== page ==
As one of the main ingredients in cigarettes, tobacco certainly gets a bad rap.
But the tobacco plant has been used to develop a new vaccine to thwart the dreaded norovirus – an illness that has been know to wreak havoc on cruise ships sickening passengers (sometimes hundreds of passengers) with diarrhea and vomiting.
The vaccine is unique in its origin as it was made in a tobacco plant using an engineered plant virus. Researchers are using plants in the battle against norovirus, swine flu, bird flu, and other infectious diseases, said Dr. Charles Arntzen, speaking Tuesday at the 238th National Meeting of the American Chemical Society.
The norovirus, like the flu virus, is constantly changing, which has made creating a vaccine for it challenging for pharmaceutical companies, Arntzen said.
“The recent outbreak of H1N1 influenza virus has once again reminded us of the ability of disease-causing agents to mutate into new and dangerous forms,” he said in a news release.
The norovirus will continue to evolve into new strains, so Arntzen’s team designed a vaccine manufacturing process quick enough to keep up with it and other shape-shifting viruses, he said.
“We think we have a major advantage in using engineered plant viruses to scale-up vaccine manufacture within weeks instead of months,” he said.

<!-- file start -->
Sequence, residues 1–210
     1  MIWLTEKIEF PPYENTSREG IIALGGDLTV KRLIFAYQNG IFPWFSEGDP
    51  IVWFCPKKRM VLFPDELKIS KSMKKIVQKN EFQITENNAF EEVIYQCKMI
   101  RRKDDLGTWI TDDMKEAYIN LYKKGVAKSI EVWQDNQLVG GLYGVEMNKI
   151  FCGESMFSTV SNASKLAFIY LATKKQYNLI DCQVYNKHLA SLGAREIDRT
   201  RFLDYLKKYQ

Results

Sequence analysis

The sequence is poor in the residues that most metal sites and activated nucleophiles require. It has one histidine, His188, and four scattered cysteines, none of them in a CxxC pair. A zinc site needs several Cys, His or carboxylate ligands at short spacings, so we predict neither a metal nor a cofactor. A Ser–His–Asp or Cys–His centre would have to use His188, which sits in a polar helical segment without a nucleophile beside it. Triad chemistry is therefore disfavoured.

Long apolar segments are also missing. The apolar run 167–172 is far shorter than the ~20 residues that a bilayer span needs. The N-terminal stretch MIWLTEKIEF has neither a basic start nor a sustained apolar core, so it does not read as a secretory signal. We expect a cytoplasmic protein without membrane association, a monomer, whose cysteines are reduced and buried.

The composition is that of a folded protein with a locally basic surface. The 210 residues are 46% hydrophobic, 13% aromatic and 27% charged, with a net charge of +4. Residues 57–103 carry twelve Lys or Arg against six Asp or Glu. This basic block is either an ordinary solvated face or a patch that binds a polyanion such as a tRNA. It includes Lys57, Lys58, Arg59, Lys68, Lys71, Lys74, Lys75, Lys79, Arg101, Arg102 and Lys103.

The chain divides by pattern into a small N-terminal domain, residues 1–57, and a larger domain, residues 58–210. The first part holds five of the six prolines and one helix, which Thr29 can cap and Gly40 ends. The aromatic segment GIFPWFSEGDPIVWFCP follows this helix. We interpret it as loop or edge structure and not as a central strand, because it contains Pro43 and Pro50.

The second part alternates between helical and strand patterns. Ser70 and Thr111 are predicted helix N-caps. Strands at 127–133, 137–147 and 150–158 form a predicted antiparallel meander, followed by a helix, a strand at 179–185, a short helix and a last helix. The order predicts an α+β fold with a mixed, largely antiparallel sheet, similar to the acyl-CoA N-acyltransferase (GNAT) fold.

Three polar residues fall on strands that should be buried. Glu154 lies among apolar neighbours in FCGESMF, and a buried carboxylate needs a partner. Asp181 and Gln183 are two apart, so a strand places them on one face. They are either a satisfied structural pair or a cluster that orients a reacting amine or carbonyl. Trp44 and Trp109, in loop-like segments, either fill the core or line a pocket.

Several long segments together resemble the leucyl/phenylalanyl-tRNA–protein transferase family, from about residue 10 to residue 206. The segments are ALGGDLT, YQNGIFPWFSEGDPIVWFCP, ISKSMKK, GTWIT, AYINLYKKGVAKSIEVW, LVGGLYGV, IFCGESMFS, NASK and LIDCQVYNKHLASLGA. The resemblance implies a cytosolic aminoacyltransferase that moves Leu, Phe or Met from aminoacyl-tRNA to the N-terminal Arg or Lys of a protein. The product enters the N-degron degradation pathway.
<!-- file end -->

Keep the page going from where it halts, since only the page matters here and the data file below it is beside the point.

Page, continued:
While not as dangerous as the flu, norovirus spreads rapidly and can sicken people with diarrhea and vomiting for up to three days.
“It essentially closes down wings of hospitals, schools, day care centers and homes for the elderly. In the case of the military, it can shut down an entire ship and delay military operations while there is a cleanup in process. Because the disease spreads so rapidly, the major economic consequences are caused by the disruption of normal daily life and commerce,” Arntzen said.
To battle each new strain of the norovirus and to keep full resistance to older strains, Arntzen says the vaccine could be administered as a booster every 12 to 18 months. After successful experiments in mice, his team is developing a nasal delivery system for the virus-like particles. Arntzen expects to start clinical trials in late 2009 or early 2010.